In 1971, soul and jazz poet Gil Scott-Heron wrote and recorded “The Revolution Will Not Be Televised”, a spoken word single from his album “Home Is Where The Hatred Is”. The classic single reflected upon the civil rights movement of the 1960s, and how the revolution towards racial equality won’t be viewed alongside pop culture entities of those times.
Fast forward to 2020, and it can be argued that the revolution is being televised. We have to look no further than the current George Floyd protests. Floyd was thrust into the world’s consciousness because his murder in the custody of a former Minneapolis police officer was captured on cell phone video by a civilian standing on the street. Modern technology has transformed ordinary citizens into de facto journalists, bringing the world breaking news footage of extraordinary events as they occur live. Such journalistic prowess (intentional or otherwise) have sent tradition television media into scramble mode, trying to get the initial video footage to “get the scoop” ahead of their competitors.
There has also been a push to create a law punishing citizens that wantonly call the police on other citizens. The impetus of this law focuses on Amy Cooper, who called the police on Christian Cooper (no relation) with claims of harassment on a dog trail at New York City’s Central Park. Christian Cooper confronted Amy Cooper for not having her dog on a leash per park ordinance. The confrontation was captured on cell phone video by Christian Cooper’s sister, Melody.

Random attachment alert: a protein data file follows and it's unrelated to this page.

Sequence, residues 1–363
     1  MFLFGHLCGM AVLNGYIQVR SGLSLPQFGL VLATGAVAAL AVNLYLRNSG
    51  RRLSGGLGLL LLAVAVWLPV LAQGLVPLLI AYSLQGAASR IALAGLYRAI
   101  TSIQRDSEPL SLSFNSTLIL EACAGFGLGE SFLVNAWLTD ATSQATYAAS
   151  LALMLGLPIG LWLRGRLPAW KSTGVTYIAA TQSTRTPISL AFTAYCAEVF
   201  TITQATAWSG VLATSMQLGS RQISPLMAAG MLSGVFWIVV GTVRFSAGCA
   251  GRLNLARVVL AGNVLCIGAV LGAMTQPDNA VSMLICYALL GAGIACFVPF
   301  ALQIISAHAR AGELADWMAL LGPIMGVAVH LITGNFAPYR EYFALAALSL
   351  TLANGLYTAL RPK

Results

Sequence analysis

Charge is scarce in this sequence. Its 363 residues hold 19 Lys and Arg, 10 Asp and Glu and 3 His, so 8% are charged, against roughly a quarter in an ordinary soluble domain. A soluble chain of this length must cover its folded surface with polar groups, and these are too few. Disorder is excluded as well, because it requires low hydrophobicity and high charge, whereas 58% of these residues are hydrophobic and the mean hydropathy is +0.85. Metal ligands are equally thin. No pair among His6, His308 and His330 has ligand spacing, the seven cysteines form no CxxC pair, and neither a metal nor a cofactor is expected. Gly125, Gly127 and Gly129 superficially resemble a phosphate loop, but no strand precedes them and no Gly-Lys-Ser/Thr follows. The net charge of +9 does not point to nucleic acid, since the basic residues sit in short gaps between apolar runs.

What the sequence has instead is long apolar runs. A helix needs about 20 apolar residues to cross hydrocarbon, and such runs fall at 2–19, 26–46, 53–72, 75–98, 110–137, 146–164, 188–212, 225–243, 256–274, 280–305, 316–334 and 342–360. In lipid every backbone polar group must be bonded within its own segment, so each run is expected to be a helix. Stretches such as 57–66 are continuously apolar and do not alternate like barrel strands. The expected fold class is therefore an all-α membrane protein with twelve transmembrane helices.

Amy Cooper threatened to call the police on Christian Cooper, using language that implied that Christian Cooper was “threatening” her for demanding she follow the park ordinance. The unfortunate part of this ordeal is threating overtones used by Amy Cooper can be construed as racially motivated as Amy Cooper is white and Christian Cooper is black. The element of race overshadows the fact that Amy Cooper’s failure to leash her dog could cause health concerns if the dog runs away and bites another person in the park.
The Floyd murder and the Coopers’ dog fiasco have proven that misdeeds captured on film can spur empowered people to act. Amy Cooper was fired as vice president of investment firm Franklin Templeton. The four officers involved in Mr. Floyd’s murder have been indicted and are all facing trial for second degree murder. In addition, Mr. Floyd’s murder has ignited protests all across the world against police brutality. The images of people in foreign countries that have absolutely nothing personal to gain from the Floyd murder are remarkable, as they line the streets in solidarity to honor Mr. Floyd’s memory while hoping to put an end to police brutality.
I respectfully have to disagree with Mr. Scott-Heron’s assertion. What we’re seeing is a revolution, and it is being televised. And the world will hopefully be better for it.